Let me give you an example.

You stated just now:

Was thinking that rapamycin is dose dependent so the more you take the better the overall results and the more severity of the conditions then higher amounts of rapamycin would apply!

Unfortunately that is definitely a wrong way to think about rapamycin - and its a mistake that could kill someone. Rapamycin is an immunomodulator drug; which means it can increase the strength of your immune system but it also means that it can decrease the strength of your immune system. At higher levels this drug was first approved for organ transplant (kidney, etc.) recipients, to weaken their immune system to that their body does not reject the new organ.

Rapamycin (and drugs that are almost identical to rapamycin and work the same way as rapamycin, called “rapalogs”, such as Everolimus) are also used in cancer treatments at high doses.

At high doses rapamycin and everolimus have been proven effective in some types of cancer treatments and tumors. The problem is that at these high doses you can also make the patient very susceptible to infections due to the greatly weakened immune system. With a greatly weakened immune system, your body has few defenses agains these infections.

So - with regard to rapamycin (and most drugs) “the more you take the better the overall results” is a really bad idea. Higher is not necessarily better with any drug, or chemical; most everything has a range that is helpful and a range that is unhelpful or harmful . I recommend you read this: Yes, the Dose Really Does Make the Poison (Skeptoid Blog)

Please Read: Deadly Example:

This doesn’t happen very often, but it has happened: A few years ago a young woman age 27 was in a clinical trial taking higher doses of everolimus when she was infected with sepsis and died two hours later, probably because she had a weakened immune system.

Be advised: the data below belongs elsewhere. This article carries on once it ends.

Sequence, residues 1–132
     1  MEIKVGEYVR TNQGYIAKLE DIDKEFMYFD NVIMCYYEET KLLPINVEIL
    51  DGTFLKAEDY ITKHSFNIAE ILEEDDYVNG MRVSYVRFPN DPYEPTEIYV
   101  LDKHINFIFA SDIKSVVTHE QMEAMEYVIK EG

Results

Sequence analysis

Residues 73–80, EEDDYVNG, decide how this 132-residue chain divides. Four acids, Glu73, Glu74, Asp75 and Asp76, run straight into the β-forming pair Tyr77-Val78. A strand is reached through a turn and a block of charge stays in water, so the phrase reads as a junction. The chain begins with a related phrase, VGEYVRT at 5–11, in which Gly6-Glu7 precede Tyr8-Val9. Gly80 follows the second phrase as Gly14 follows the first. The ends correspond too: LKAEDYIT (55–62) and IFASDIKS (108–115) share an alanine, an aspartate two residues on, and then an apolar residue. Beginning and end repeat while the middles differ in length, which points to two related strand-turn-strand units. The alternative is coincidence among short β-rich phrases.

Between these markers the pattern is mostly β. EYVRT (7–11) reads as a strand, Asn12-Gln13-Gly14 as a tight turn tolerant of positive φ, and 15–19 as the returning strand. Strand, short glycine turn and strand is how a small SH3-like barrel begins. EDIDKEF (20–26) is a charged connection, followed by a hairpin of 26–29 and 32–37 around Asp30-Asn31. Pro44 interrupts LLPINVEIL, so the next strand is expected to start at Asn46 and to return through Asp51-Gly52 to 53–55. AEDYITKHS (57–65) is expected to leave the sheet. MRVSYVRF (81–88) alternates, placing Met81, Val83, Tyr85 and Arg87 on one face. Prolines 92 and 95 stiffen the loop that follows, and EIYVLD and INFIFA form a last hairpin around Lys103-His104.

Rapamycin is not a risk-free drug, especially as you increase doses above the regular 5 to 8mg dosing once per week level that is typically used in longevity applications.

In the study below I believe they were taking 10mg per day, so a very high dose compared to longevity applications.

The most common Adverse Effects (AEs) of everolimus therapy were laboratory abnormalities (100% of patients) and infection complications (83 episodes in 15 patients). Infectious episodes of pharyngitis (67%), diarrhea (44%), stomatitis (39%), and bronchitis (39%) were the most common infections. They were mostly mild or moderate in severity (grade 1–2).

In two cases, life-threatening conditions related to mTOR inhibitor treatment were encountered. The first was classified as grade 4 pleuropneumonia and Streptococcus pneumoniae sepsis, whereas the second was classified as death related to AE (grade 5) Escherichia coli sepsis.

A 27-year-old woman with TSC was started on everolimus
treatment because of AML of the left kidney
(60 Å~ 48 Å~ 36mm in size). The other signs of TSC were
facial angiofibroma, hypomelanotic macules of the skin,
and shagreen patch. The diagnosis of TSC was made
12 years earlier when the patient underwent nephrectomy
because of a large tumor of the right kidney. The
patient received everolimus at a dose 10 mg/day and the
trough concentrations of the drug ranged from 4.08 to
5.08 ng/ml. After 3 months of everolimus therapy, a
reduction in AML was observed (40 Å~ 31 Å~ 20mm in
size). During treatment, hypercholesterolemia (309 mg/
dl) and transient leukopenia (3.2 Å~ 109/l) with neutropenia
(1.34 Å~ 109/l) was observed. She also reported
oligomenorrhea. After a gynecological consultation, a
functional ovarian cyst was identified and contraceptives
were prescribed. However, 2 weeks later, she was
admitted to the gynecological unit because of subabdominal
pain and an ovarian cyst (64 Å~ 53mm in seize)
on ultrasound examination. Torsion of the ovarian cyst
was suspected. On the day of admission, WBC was
9.2 Å~ 109/l, the absolute neutrophil count (ANC) was
6.6 Å~ 109/l, the hemoglobin level was 10.8 mg/dl, the
PLT count was − 275 Å~ 109/l, and the C-reactive protein
concentration was 8.0 mg/dl (normal < 5.0 mg/dl). The
patient was advised to continue intake of contraceptives
and everolimus. The next day, the general condition of
the patient aggravated. Her blood pressure was low (85-
/50mmHg). Her WBC and ANC decreased (WBC
−2.4 Å~ 109/l, ANC − 1.8 Å~ 109/l), whereas the hemoglobin